Moody’s Investors Service hasn’t said it, but investors already think it: South Africa’s credit is junk.
The company, which rates South Africa’s debt Baa3, the lowest investment level, is due to review its assessment in November. Given Eskom Holdings SOC Ltd.’s financial woes and its implications for government debt, the market is pricing in a downgrade.
These three charts show how traders view the country’s fiscal outlook:
The premium investors demand to hold South Africa’s dollar bonds rather than U.S. Treasuries is almost twice as much as the average for investment-rated emerging markets.
It’s also wider than the spread for Brazil, which has a non-investment grade rating from Moody’s, S&P Global Ratings and Fitch Ratings. The risk premium has climbed since mid-July, when the government announced it would increase borrowing to support Eskom.
South Africa isn’t benefiting from the global hunt for yield. While average local-currency yields for emerging markets have been falling, South Africa’s have been rising.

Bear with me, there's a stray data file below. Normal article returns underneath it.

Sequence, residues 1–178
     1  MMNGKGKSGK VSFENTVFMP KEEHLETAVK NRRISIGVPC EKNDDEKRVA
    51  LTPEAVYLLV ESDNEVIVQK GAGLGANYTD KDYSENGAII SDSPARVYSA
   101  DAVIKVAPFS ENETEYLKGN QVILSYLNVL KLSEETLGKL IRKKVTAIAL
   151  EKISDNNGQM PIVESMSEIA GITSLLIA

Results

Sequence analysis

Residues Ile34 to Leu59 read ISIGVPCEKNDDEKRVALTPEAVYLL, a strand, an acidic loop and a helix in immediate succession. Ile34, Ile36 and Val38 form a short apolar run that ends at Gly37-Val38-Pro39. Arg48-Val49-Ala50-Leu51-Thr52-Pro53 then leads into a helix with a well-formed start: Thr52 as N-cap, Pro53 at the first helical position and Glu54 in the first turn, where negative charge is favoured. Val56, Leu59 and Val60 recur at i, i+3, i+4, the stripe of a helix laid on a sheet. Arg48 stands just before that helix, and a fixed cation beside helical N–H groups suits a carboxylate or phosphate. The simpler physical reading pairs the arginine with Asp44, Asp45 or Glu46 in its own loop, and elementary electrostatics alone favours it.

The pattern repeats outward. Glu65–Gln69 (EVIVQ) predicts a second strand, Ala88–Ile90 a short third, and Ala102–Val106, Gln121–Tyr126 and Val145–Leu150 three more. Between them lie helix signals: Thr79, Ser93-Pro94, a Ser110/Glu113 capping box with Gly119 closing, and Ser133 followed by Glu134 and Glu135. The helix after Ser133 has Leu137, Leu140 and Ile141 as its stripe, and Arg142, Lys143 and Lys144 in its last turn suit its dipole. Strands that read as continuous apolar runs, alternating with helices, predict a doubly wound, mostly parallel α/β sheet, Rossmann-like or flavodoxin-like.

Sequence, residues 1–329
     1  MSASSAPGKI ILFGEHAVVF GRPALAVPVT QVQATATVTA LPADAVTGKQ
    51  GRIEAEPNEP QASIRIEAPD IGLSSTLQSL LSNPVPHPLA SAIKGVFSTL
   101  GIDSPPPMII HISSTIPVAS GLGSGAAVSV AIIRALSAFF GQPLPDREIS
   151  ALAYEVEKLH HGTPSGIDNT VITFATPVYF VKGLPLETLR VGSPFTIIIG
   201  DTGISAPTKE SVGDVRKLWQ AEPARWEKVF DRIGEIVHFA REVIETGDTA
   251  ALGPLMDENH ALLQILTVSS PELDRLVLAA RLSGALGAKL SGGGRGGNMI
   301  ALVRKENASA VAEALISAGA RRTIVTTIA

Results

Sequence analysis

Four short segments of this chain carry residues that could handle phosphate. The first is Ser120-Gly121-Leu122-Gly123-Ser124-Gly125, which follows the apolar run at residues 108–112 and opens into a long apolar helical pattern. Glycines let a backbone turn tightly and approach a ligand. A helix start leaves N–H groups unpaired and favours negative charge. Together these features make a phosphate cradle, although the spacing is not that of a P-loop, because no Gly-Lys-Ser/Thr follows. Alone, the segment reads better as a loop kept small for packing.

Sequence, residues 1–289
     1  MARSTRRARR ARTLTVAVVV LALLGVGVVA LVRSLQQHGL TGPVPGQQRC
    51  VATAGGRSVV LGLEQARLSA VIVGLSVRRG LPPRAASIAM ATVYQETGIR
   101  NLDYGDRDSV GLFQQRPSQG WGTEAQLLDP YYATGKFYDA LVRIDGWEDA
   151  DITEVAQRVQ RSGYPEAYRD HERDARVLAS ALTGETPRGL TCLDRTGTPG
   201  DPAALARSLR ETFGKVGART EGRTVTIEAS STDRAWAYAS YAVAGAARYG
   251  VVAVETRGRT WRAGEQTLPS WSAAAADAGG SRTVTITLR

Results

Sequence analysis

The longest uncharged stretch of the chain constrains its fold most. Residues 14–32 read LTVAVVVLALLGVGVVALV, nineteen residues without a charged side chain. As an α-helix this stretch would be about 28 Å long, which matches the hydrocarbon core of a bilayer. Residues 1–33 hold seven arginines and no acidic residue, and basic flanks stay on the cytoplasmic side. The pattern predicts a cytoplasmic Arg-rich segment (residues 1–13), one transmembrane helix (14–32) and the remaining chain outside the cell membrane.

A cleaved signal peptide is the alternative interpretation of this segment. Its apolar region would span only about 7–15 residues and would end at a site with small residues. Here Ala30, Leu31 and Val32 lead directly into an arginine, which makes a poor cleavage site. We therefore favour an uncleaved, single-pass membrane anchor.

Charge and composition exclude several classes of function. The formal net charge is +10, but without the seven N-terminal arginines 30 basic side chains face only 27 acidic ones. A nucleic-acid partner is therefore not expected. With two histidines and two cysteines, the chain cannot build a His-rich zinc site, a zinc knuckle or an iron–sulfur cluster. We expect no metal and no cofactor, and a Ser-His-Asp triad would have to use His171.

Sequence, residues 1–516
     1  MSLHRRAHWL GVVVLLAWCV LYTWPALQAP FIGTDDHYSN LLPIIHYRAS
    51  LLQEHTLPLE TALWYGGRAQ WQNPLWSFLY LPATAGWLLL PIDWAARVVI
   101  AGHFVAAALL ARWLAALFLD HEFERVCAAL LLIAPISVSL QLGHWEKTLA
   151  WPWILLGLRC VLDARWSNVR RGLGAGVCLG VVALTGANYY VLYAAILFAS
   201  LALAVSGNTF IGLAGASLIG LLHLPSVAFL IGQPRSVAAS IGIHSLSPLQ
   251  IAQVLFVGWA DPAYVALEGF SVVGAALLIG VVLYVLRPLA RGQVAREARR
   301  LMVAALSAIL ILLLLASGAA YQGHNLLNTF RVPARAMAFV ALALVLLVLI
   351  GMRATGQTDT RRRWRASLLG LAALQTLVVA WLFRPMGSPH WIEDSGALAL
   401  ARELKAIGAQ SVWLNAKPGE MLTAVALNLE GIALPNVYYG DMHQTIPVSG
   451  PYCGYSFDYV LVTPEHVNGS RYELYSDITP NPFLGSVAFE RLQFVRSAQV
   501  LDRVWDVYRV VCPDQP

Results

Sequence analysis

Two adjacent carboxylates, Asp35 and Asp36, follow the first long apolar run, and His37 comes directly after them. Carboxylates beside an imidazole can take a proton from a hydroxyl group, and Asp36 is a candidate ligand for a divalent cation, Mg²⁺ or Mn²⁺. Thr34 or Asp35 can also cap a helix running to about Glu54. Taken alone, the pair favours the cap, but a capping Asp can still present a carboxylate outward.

The premium of South African yields over developing-nation peers is now at the highest since February. That suggests investors are positioning for fiscal deterioration, and a credit downgrade.
The cost of insuring South Africa’s debt against default is much higher than that of Russia, which has a similar Baa3 rating with Moody’s. It’s also higher than Brazil, rated two levels lower.
Moody’s has been “too kind,” said Win Thin, head of currency strategy at Brown Brothers Harriman & Co., who predicts South Africa’s credit rating may fall three levels into junk.